- No mas: Principal bans Spanish language in intercom announcement
- Hacking software could put ‘zombie drone army’ in user’s hands
- Support for stricter gun laws drops: poll
- 10 whales dead, 41 others stranded in Everglades
- John Boehner faces bipartisan pressure to allow gay-rights vote
- Martin Bashir resigns from MSNBC over ‘ill-judged’ comments about Sarah Palin
- Rep. Duncan Hunter: While Obama prays for Iranian change, U.S. should ready its nukes
- Best company ever? Veteran Beer Co. exists to employ vets, provide quality beer
- Iran official: Sanctions ‘utterly failed’ to stop nuclear program
- ‘Black Santa’ display at IU sparks student outrage
Girl who called self `Mrs. Bieber’ dies of cancer
BOSTON (AP) - A 6-year-old Massachusetts girl whose love for Justin Bieber encouraged physicians and nurses at a Boston hospital to organize a pretend wedding to the pop star as she battled a rare brain cancer has died.
The family of Avalanna Routh _ who called herself Mrs. Bieber _ said on their Twitter account that she died Wednesday morning. “Oh Avalanna, the brightest star _ you took our hearts with you, our greatest Love,” the family wrote.
During the pretend wedding, Avalanna held a yellow, green and purple bouquet of flowers, wore a T-shirt that said “Future Mrs. Bieber” and stood next to his portrait under a banner that declared them “Just Married.” That sparked a social media campaign to help her meet the singer.
Bieber later arranged for the girl to meet him in New York, where they spent a couple of hours together before he tweeted that the experience was inspiring and the best thing he’s ever done.
“… she was AWESOME! Feeling really inspired now! (hash)MrsBieber,” he tweeted.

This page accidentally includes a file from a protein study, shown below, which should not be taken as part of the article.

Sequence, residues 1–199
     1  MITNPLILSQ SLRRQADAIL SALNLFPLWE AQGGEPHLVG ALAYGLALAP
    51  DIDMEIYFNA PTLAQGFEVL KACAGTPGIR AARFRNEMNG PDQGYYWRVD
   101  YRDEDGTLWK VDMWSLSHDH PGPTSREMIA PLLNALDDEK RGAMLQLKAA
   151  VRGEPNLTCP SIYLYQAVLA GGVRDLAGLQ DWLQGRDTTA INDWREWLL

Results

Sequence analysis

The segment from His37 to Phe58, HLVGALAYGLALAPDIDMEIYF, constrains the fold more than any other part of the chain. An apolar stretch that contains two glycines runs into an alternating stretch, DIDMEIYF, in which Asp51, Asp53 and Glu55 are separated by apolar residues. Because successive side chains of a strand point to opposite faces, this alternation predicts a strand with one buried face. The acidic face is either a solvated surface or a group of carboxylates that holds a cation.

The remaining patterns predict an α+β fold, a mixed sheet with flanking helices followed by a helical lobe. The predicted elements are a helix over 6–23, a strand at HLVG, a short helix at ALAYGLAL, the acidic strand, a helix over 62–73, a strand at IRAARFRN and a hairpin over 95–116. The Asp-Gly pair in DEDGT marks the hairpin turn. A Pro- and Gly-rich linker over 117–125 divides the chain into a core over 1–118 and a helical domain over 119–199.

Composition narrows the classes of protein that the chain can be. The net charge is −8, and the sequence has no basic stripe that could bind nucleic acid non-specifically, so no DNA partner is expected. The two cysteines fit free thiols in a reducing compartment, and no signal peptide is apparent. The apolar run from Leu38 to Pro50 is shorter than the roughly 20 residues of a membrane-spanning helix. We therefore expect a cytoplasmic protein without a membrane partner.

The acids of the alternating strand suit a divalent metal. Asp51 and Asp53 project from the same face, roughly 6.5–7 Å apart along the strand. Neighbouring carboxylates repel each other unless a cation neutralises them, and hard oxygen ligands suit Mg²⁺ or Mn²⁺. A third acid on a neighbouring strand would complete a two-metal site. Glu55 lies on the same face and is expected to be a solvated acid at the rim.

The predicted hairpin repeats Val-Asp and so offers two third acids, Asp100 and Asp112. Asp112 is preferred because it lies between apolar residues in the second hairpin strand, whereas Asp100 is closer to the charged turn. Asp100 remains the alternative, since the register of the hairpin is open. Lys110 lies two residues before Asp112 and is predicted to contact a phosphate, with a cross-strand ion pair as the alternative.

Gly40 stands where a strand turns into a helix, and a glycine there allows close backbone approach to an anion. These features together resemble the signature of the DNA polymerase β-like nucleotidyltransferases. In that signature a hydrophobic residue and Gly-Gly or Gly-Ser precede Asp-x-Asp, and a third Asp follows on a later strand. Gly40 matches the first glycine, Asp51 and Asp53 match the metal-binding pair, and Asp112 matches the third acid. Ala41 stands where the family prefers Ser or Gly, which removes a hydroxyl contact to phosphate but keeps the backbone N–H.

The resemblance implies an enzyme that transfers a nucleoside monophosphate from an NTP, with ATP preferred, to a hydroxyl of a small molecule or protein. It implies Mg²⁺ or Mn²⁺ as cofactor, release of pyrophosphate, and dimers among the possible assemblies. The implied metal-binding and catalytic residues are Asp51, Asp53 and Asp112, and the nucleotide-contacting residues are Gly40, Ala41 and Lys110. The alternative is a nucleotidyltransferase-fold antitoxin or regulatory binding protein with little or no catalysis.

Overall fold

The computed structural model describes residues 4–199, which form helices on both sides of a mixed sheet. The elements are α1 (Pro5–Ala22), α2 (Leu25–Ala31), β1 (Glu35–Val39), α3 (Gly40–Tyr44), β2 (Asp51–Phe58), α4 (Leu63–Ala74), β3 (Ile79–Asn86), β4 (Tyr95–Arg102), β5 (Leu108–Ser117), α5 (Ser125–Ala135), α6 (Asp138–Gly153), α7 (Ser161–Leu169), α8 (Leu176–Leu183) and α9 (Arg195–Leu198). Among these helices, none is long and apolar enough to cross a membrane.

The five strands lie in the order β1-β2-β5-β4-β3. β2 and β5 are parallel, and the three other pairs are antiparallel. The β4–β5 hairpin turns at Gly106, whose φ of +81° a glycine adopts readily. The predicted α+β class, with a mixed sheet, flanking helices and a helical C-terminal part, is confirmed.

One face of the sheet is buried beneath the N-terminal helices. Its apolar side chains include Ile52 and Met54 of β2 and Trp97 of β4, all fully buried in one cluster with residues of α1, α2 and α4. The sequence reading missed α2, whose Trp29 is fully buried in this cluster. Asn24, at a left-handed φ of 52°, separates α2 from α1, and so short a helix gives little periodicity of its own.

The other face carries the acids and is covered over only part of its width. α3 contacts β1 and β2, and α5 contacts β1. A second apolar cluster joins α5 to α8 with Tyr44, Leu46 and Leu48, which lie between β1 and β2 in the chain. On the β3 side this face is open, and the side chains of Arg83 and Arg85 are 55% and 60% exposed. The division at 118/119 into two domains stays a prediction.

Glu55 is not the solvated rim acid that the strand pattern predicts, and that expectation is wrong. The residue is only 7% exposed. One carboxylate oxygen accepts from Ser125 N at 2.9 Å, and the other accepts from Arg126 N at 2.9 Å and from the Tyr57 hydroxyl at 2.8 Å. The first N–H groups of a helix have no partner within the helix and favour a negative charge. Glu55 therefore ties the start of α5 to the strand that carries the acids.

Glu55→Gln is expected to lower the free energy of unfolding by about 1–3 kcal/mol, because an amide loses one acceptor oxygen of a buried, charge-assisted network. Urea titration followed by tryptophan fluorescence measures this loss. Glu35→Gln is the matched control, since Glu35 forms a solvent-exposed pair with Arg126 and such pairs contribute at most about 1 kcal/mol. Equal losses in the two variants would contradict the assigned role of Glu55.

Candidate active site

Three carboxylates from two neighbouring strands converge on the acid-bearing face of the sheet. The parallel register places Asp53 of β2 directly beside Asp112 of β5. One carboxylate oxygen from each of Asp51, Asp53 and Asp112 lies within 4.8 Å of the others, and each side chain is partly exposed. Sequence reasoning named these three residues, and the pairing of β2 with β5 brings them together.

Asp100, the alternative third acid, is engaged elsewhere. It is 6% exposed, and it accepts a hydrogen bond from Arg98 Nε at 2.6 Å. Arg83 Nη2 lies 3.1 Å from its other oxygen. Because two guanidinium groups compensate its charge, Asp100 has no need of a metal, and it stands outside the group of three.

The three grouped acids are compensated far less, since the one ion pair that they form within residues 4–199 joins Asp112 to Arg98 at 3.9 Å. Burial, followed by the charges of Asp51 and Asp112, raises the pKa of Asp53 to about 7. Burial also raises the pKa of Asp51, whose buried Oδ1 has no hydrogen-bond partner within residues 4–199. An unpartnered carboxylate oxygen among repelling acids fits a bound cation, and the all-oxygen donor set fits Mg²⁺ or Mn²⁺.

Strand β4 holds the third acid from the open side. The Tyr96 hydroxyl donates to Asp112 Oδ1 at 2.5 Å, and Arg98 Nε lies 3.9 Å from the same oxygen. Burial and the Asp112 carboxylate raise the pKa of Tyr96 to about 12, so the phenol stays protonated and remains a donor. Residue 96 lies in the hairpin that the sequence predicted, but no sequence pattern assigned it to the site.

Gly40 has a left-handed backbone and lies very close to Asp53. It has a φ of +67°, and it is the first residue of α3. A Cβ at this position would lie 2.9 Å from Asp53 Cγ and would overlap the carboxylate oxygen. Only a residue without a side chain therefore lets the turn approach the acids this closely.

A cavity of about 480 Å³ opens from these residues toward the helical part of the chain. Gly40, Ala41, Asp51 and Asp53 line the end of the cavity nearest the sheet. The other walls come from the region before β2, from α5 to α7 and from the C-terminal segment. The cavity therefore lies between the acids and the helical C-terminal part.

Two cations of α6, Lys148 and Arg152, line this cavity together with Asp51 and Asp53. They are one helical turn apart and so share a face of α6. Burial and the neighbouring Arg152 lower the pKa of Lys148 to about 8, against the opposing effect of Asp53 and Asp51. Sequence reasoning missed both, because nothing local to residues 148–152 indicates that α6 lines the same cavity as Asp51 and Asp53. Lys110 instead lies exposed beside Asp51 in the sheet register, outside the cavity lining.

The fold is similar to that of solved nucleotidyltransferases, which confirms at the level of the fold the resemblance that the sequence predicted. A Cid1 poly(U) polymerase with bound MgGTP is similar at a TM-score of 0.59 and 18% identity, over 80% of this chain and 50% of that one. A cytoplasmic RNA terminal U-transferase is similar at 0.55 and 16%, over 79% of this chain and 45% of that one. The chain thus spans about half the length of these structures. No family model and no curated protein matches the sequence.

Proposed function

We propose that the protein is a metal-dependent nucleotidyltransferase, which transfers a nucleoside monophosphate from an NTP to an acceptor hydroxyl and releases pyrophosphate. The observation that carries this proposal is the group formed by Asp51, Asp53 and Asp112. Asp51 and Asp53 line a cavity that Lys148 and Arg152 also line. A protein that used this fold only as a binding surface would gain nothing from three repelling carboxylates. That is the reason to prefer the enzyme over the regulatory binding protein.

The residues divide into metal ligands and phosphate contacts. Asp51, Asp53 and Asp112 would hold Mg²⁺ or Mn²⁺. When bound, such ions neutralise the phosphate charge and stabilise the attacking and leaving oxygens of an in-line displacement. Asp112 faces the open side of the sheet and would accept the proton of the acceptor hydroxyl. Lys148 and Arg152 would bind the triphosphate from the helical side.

“just got the worst news ever. one of the greatest spirits i have ever known is gone,” Bieber tweeted. “please pray for her family and for her.”
“RIP Avalanna. i love you,” he said.
Avalanna suffered from an atypical teratoid rhabdoid tumor, a fast-growing tumor of the brain and spinal cord that usually occurs in young children. Only 30 new cases are diagnosed in the U.S. each year, said Dr. Charles Roberts of Dana-Farber/Children’s Hospital Cancer Center, where Avalanna received treatment.
The little girl was diagnosed when she was 9 months old and “responded to initial treatment for quite a while, but the cancer kept coming back and ultimately she was no longer responsive,” Roberts said. She died at her home in Merrimac.
There was no immediate word on funeral arrangements.
“She was a very courageous young person who lived her life with grace and determination,” the Dana-Farber Cancer Institute said in a statement. “By generously sharing her story, she raised awareness worldwide about atypical teratoid rhabdoid tumors and articulated the need for greater research of this rare cancer.”
Rodrique Ngowi can be reached at www.twitter.com/ngowi
By Tom Harris and Madhav Khandekar
Bad science puts rich nations on the hook for trillions in climate liabilities
- Angry NTSB ousts railroad union from N.Y. train crash site
- Hola: Boehner prepares to push amnesty bill through House
- Kill team: Obama war chiefs widen drone death zones
- Puerto Rico caravan honoring Paul Walker ends in 6 drunken-driving arrests, 72 speeding tickets
- Apple wins facial recognition patent for iPhone 6
- Xbox One, Playstation 4 games penalize users for cursing in their own homes
- First Dog Sunny knocks down Ashtyn Gardner; Michelle Obama yanks leash
- Inside China: Nuclear submarines capable of widespread attack on U.S.
- HURT: Postal Service misses address by a whole continent
- Allen West warns Obamas backdoor gun control is moving forward
Independent voices from the The Washington Times Communities
Criticism may not be agreeable, but it is necessary. It fulfills the same function as pain in the human body. It calls attention to an unhealthy state of things.
Wall Street news for retail investors who want to know what's going on.
Does it take over 25 years in public service to really know what goes on in Washington?
Despite cynicism about the law, it can provide you justice, protection, and ensure your rights.